29. Warren G. Harding
The Beer Vote (September 22, 2008)
Americans, in choosing the leader of the free world, usually pick the person they want to have a beer with, even when that person is a recovering alcoholic. That fun-loving attitude is why the terrorists hate us! In 2008, we're looking at happy hours with either crazy POW stories or rip-roaring tales of community organizing, and drinking buddies who love basketball and hunting or whatever Joe Biden loves (tax-free shopping?). Tough call.
In 1920, though, it was a no-brainer: the country wanted to throw down with Warren Gamaliel Harding, who won in a landslide. You might think the country would have a beer with ANYONE in the middle of Prohibition, but not so -- after a visit to the Harding home, in Marion, Ohio, you can see that the guy was Mr. Personality.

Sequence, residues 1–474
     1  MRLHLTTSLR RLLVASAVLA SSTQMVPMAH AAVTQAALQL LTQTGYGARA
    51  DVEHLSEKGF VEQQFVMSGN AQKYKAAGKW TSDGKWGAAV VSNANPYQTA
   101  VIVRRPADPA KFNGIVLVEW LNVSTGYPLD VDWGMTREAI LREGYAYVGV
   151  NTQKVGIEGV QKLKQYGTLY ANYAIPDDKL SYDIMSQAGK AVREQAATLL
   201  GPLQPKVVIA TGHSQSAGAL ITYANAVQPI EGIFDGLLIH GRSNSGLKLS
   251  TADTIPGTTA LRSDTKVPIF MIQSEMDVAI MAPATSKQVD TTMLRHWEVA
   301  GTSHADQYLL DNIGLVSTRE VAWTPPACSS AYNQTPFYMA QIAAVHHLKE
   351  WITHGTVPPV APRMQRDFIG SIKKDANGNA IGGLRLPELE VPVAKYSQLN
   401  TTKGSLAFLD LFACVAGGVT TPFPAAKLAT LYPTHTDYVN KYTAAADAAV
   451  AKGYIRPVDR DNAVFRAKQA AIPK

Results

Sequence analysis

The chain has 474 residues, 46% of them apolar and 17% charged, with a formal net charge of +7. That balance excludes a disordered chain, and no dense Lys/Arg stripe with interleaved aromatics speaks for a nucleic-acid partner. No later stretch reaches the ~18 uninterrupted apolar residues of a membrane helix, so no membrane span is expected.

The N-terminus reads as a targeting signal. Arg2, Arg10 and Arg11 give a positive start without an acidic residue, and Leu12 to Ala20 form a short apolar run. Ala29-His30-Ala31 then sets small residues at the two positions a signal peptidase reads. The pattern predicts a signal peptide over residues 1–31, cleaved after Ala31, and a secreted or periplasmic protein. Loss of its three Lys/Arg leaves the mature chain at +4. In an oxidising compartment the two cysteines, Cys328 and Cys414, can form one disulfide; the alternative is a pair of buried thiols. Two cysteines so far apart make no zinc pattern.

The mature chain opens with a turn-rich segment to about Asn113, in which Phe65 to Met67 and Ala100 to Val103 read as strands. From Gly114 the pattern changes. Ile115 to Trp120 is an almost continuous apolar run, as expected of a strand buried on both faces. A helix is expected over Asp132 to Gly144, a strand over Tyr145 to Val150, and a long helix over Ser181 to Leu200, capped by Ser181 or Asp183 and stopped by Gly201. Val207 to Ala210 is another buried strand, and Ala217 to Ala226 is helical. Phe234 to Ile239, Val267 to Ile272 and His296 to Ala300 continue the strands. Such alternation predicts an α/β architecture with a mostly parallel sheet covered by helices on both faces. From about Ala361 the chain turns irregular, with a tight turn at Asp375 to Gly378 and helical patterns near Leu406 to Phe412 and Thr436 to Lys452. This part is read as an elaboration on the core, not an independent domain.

Or at least what passed for a personality in 1920. He was part of just about every club in Marion: the Freemasons, Elk's lodges, or anything else that involved wearing a fez. He loved baseball and golf; he played coronet and led the local brass band (which, like today, is considered the coolest thing possible). He owned the local newspaper, played poker, helped pump up the town's economy and gave a pretty good speech, while never really pissing anybody off -- he knew how to straddle the fence, never really committing to any one viewpoint. And supposedly he was handsome! A lot of people say he had "movie-star" looks, which some speculate is the reason he captured the women's vote (their first under the 19th Amendment). Of course, this is condescending and insulting, because any sensible person knows that no woman has ever chosen one man over another because he was good looking. No, they always go for the guy with a stable personality and a great sense of humor. Always.